welfare of the city, liorn in Kansas in 1880, on the 2d of November, he re-
ceived the JDest educational ad\'antages afforded by Fairview, his native place.
In addition to completing the study vi the various grades of the grammar
school, he is a graduate of the liigh school. .\t the age of twenty-one years


in 1901 he came to California in compan}- with other members of the family
and for a time made his home in Lns Angeles, where with his brother, A. H.
(now deputy coroner of Kern county), he conducted a store. After six years
in business in that city he removed to Bakersfield and united with his father
and brother in carrj'ing on the undertaking concern, of Dixon & Sons, now
known as Temi^leton & Co., and he has continued with the same establishment
since its change of name, devoting liimself to assisting in the discharge of
the important duties devolving u])on the compan_\-. Thrnugli liis marriage to
Miss Ethel Munsingcr. a native of Kansas, he is the fatlier of two children.
Dorris and Hazel.

V. G. HUTCHINS.— Reared to a knowledge of the oil industry, the son
of one of the pioneer operators in the Los Angeles fields, it was but natural
that \'. G. Hutchins should select the business as his chosen avenue of occu-
jiative activity. The enthusiasm that he always has possessed for the work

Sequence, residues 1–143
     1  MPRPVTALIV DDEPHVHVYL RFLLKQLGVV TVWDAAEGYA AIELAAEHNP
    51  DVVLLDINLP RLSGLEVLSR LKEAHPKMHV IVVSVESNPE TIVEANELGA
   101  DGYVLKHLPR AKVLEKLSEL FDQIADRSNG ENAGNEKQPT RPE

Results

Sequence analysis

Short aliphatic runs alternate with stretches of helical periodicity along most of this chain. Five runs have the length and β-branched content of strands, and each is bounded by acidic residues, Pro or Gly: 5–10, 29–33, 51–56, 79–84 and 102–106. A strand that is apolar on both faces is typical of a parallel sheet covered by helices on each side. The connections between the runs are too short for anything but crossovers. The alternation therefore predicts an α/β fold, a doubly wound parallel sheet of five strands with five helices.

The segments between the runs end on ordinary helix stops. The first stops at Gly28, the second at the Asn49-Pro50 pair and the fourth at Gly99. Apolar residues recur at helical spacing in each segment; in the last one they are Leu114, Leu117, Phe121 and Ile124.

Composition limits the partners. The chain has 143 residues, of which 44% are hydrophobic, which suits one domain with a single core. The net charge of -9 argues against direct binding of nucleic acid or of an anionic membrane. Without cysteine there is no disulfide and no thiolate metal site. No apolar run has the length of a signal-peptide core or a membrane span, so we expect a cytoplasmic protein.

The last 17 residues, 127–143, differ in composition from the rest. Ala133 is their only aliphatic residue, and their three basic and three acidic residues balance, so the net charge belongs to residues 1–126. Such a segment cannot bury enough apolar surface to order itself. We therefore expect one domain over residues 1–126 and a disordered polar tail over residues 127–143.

appears in the fact that, having graduated from the Los Angeles high school
on a Friday during 1907. he re])orted for duty the following Sunday at tlic
Coalinga oil fields and at once began an identification with the industry that
lias continued, although in another district, up to the present time. Still a
young man (he was born October 23, 1885), he has every reason to look for-
ward to many years of continued usefulness and increasing influence in his
chosen calling, and taking the past as a criterion a prosperous future may be
l)redicted for him. His parents, .Mvin G. and Ida Hutchins, continue to make
Los .A.ngeles their home and the former, now forty-six years of age, has en-
gaged in the i il business e\er since the first discoveries were made in the
Los Angeles district.

Familiar with Los Angeles fr()m his earliest reci llections, educated in
its schools, acquainted with its progress and interested in its activities.
\'. G. Hutchins is a typical Californian in every sense of the word. From